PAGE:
Packaging in the food industry is changing. As consumers become more aware of the detriments of single use plastics, there is pressure within the supply chain to eliminate these, whilst maintaining a high standard of quality. It is essential that new packaging technologies do not compromise on protection; the current standards of freshness must be maintained by ensuring that packaging is waterproof and doesn’t break or promote deterioration of food. This is especially important during transport, which is often on a global scale and will inevitably result in some strain on the packaging. Many research departments are striving to not just match the level of protection provided by conventional packaging today, but to improve properties such as anti-microbial activity, UV blocking and breathability, in order to ensure that the new packaging is a desirable and cost effective alternative.
Gelatin based biopolymers are being considered as a possible alternative to plastic, as gelatin is widely accessible, inexpensive and easy to process. However, the biopolymer is also susceptible to bacterial attack, breaks easily and is highly sensitive to moisture which decreases its suitability as a packaging material. The incorporation of graphene oxide into the polymer matrix has been shown to improve all these properties, as well as promoting thermal and light stability. GO is particularly suited to this use as, like gelatin, it is biodegradable (albeit with emzymes) and hence, environmentally benign. Gelatin alone would degrade too easily, but GO addition strengthens the material sufficiently that it is much more likely to withstand transport and handling. Furthermore, since GO interacts and bonds strongly, other additives can easily be included in the polymer composite to further enhance the material.
A recent study shows that combining a gelatin polymer with GO nanosheets and mussel-inspired polydopamine (PDA) resulted in a vastly tougher material with significant advantages. Mussels have been found to be remarkably good at sticking to a wide variety of surfaces, including plenty that are adhesion resistant. This led to in-depth studies of the proteins they secrete and resulted in PDA use becoming increasingly common. Here, GO was considered an effective means of transporting PDA, and PGO was synthesised (PDA-GO).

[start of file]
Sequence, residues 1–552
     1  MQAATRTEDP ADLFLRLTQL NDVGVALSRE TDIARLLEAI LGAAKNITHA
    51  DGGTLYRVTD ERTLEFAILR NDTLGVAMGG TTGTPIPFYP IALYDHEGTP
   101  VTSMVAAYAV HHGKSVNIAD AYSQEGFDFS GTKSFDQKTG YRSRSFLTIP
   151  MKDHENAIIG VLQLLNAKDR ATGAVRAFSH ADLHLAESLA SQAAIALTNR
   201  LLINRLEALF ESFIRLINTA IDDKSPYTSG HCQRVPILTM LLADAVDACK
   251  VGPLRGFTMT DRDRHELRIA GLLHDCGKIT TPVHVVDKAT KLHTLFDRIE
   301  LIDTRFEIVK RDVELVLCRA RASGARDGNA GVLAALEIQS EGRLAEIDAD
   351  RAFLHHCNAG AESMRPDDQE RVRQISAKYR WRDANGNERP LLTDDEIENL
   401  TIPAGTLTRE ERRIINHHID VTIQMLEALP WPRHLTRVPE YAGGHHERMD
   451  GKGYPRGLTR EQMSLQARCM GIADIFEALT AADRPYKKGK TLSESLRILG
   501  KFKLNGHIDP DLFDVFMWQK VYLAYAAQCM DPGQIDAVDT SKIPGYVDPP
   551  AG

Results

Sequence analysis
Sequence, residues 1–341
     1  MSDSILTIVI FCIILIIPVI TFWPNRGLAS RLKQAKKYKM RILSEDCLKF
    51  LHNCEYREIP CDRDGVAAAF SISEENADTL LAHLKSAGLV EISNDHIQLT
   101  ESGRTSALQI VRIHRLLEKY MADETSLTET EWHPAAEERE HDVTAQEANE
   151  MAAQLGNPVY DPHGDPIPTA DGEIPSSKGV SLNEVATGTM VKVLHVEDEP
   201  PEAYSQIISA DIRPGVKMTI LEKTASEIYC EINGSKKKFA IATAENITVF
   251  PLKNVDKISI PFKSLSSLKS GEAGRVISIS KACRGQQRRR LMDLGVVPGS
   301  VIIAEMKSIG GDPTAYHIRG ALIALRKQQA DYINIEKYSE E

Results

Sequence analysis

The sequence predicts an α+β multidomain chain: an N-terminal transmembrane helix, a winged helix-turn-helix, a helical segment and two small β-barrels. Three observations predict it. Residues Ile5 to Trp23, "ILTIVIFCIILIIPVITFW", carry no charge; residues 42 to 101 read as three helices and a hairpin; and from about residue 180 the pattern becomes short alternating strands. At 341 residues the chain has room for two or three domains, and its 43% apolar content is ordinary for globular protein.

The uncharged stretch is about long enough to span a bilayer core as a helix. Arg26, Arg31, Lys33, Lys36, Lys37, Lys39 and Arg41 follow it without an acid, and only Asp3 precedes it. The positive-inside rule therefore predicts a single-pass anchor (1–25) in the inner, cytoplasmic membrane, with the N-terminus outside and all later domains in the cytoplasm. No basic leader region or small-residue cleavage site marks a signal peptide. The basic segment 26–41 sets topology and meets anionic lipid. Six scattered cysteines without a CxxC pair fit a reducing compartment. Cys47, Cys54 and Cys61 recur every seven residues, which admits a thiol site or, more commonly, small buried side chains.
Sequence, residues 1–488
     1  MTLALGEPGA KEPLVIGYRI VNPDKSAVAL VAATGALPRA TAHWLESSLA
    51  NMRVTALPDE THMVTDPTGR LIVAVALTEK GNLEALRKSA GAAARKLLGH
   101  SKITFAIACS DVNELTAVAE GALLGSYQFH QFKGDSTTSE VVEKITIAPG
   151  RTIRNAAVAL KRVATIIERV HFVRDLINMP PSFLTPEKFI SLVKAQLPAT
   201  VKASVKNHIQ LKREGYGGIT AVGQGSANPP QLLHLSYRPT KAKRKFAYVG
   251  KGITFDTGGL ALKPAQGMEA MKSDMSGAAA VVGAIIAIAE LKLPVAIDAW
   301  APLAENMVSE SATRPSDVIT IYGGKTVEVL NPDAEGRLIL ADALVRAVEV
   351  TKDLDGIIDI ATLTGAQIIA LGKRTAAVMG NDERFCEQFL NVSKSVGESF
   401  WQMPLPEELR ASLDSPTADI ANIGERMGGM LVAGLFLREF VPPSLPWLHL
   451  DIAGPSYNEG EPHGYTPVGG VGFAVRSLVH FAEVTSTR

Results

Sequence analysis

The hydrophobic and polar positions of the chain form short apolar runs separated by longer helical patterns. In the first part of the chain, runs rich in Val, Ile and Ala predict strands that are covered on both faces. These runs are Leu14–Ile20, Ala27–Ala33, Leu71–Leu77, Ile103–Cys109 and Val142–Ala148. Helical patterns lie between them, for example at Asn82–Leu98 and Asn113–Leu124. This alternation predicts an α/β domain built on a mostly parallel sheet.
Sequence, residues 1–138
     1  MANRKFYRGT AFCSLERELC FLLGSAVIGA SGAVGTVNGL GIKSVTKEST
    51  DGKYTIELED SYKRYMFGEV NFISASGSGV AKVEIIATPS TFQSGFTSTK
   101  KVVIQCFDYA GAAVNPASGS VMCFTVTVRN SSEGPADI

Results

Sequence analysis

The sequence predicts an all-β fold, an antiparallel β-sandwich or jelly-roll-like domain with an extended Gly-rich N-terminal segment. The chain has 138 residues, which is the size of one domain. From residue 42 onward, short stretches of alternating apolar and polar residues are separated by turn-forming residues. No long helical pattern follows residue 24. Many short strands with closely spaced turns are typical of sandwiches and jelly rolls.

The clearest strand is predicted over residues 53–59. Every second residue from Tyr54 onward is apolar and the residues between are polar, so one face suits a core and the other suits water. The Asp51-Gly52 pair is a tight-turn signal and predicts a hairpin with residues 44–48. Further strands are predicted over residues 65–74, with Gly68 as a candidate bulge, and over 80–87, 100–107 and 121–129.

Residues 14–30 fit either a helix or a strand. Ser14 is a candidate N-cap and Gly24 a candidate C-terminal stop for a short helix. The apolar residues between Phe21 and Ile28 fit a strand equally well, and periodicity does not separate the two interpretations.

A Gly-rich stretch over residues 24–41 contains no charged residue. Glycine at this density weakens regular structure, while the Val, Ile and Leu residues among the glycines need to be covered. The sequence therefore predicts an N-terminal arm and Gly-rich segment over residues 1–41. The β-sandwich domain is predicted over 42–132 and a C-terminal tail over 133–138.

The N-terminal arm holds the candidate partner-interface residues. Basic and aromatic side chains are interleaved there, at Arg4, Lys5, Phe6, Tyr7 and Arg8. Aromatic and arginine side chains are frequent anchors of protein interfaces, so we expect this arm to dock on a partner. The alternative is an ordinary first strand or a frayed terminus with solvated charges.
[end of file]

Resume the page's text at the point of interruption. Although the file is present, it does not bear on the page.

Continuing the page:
GO acted as an excellent cross-linking agent and enabled the integration of silver and cellulose into the structure, which previously required toxic chemicals and complex processes. These additives further enhanced anti-microbial and strengthening properties respectively. The large number of components essentially filled gaps within the biopolymer matrix, hence it’s improved impermeability against UV light and water. This is somewhat surprising, as GO is often hailed as a permeable material and is being widely applied to water filtration systems. However, in this instance, the hydrogen bonding from the GO reduced the availability of hydrophilic groups in the composite and therefore decreased water uptake.
Compared to other processes towards forming gelatin biopolymers, GO nanosheets enabled a much simpler and more environmentally friendly route, which resulted in a biodegradable polymer that was effective against common bacteria including E. coli and S. aureus.
This application is just one of many that utilise the unique properties of graphene and graphene oxide and further demonstrates the wide range of potential applications. If you have any enquiries about the applications of graphene oxide or how it can improve your existing applications, please get in touch and one of the GOgraphene team will be happy to help.
Industrial Crops and Products, 2019, 132, pp.197-212.